“Kindly take a seat” is one of the key messages from cabin interior specialists here at EBACE 2014, but not just any seat will do. VIP aircraft seat manufacturers are displaying the latest in seating technology and comfort here in Geneva.
Italian seat manufacturer Geven and Scotland-based repair specialist Aeropair have signed an agreement for aftersales support of Geven’s seats in the Middle East. Locally, Geven has provided aircraft seats for Air Arabia’s Airbus A320s and business class seats for FlyDubai’s Boeing 737s. An Aeropair parts production and repair facility is located near Al Maktoum International airport here in Dubai. Aeropair is here (Stand 2736) exhibiting Geven’s Piuma Evo economy seat.
UTC Aerospace Systems is introducing a business aircraft seat that it believes will set a new standard in cabin ergonomics. It features wireless technology to allow passengers to control the seat itself as well as wide array of cabin management features including climate, connectivity, lighting and entertainment systems. Travelers in the Model 1 seat will effectively be able to create a microclimate in which the temperature is adjusted to their personal preference without causing discomfort to fellow passengers.
Airbus cited sleep-study results in calling on airlines to set an 18-inch minimum seat width standard for long-haul flights. Organizations representing the airline industry said seating options should be left to individual carriers.
AmSafe is highlighting the advantages of its new side-facing divan airbag restraints, leg flail mitigation airbag systems and lightweight conventional three-point lap belts, weighing 20 percent less than those currently installed. The company (Booth No. C12740) is opening a new market for its airbag systems in airliners and larger business jets, following the FAA’s update of technical criteria for side-facing seats.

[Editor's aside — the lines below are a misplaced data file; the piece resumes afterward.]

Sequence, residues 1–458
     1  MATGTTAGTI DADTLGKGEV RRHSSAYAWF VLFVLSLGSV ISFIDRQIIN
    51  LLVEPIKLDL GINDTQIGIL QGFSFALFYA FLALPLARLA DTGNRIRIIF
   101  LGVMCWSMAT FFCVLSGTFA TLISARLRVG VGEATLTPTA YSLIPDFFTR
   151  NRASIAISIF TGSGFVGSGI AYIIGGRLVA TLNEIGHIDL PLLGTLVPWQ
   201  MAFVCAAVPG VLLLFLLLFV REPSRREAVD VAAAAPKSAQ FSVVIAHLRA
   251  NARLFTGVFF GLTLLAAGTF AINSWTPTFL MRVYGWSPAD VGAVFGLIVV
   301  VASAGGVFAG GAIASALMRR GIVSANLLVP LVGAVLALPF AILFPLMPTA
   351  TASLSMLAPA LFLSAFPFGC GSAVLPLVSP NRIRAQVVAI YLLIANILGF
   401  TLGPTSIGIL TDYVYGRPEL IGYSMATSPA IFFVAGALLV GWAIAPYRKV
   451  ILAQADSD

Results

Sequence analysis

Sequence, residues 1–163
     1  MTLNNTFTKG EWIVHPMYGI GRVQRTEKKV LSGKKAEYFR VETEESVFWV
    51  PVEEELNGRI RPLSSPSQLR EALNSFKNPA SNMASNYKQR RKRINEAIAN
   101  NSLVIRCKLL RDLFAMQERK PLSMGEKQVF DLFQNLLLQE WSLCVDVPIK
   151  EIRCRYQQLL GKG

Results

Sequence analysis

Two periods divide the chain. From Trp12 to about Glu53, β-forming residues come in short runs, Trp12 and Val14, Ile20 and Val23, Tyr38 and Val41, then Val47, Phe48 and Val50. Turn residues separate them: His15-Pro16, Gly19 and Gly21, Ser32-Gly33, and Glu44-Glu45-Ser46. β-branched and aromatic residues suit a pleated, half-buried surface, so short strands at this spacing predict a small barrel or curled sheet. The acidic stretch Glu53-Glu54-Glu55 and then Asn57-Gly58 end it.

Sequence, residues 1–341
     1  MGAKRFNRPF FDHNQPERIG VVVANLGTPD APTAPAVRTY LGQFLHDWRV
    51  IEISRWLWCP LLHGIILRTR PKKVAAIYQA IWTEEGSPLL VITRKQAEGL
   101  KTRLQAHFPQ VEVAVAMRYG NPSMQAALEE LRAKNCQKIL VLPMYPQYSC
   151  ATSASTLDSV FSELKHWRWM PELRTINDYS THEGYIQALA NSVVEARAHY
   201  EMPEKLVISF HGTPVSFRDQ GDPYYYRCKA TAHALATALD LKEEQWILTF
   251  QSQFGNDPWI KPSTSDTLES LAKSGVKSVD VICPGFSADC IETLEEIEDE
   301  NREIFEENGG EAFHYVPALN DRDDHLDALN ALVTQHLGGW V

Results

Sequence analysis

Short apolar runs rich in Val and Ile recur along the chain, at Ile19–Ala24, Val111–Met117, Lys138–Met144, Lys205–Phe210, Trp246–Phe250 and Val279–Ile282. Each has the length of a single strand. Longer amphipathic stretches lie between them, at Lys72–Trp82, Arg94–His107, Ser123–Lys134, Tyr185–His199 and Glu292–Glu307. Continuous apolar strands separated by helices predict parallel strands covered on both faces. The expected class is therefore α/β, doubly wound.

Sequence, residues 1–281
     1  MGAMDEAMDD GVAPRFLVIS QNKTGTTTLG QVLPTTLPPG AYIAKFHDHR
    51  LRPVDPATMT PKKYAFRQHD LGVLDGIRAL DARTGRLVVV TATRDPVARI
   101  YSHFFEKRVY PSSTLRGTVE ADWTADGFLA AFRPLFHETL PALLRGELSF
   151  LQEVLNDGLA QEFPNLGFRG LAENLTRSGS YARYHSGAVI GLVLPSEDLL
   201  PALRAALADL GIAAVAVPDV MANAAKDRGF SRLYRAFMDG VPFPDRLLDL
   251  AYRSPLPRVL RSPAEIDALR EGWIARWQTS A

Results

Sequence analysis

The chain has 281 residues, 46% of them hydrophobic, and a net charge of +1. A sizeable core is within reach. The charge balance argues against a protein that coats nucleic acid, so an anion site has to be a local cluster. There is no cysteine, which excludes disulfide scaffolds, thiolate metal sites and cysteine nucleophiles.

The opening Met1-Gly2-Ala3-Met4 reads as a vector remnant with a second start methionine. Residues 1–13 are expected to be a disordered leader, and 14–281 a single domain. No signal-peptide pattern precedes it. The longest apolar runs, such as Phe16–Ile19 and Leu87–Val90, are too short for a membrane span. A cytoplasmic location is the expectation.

UTC Aerospace Systems is introducing a new executive aircraft seat that it believes will set a new standard in cabin ergonomics. It features wireless technology to allow passengers to control the seat itself as well as cabin management features including climate, connectivity, lighting and entertainment systems. Travelers in the Model 1 seat will effectively be able to create a microclimate in which the temperature is adjusted to their personal preference without causing discomfort to fellow passengers.
Zodiac Aerospace (Hall 2a Stand A254) is here exhibiting its Isis cabin for single-aisle airliners, with new seats, sidewalls and luggage bins that accommodate a claimed 60 percent more bags. Although cabin equipment accounts for two thirds of its $4.4 billion revenues, the France-based company is also active in a number of aircraft systems. It has consistently taken over smaller businesses and may be considering a new, undisclosed target acquisition in the industry, CEO Olivier Zarrouati hinted early this month.
Seven winners emerged from the Crystal Cabin Awards judging last month, and some of them stand to find a market in business aviation.
The winners were announced at a gala dinner in Hamburg, Germany, on the eve of the opening of the annual Aircraft Interiors Expo.
Candidates with winning entries included Boeing, Diehl Aircabin, Dornier Technologie Systems, Hamburg University of Applied Sciences, Meru, Thales and Zodiac Aerospace.
Introduced at AIX, the TravelChair for severely disabled children also won first prize in the Crystal Cabin Awards Passenger Comfort Hardware category, receiving the trophy on April 9, the opening day of the show.
Years in development, the 13.2-pound chair is designed for children between the ages of three and 11 and fits most aircraft seats by way of a strap around the seat-back. It is further anchored using the standard seat belt, meeting airline regulations.
One of the highlights of last week’s Aircraft Interiors Expo in Hamburg, Germany, was French start-up company Expliseat’s unveiling of a new economy-class seat that significantly cuts weight and engineering complexity. The new seat, called Titanium, tips the scales at 8.8 pounds per passenger, which the Paris-based firm claims is around half the weight of traditional airliner seats. This may translate into an estimated 3- to 5-percent fuel saving, or $300,000 to $500,000 per aircraft per year.
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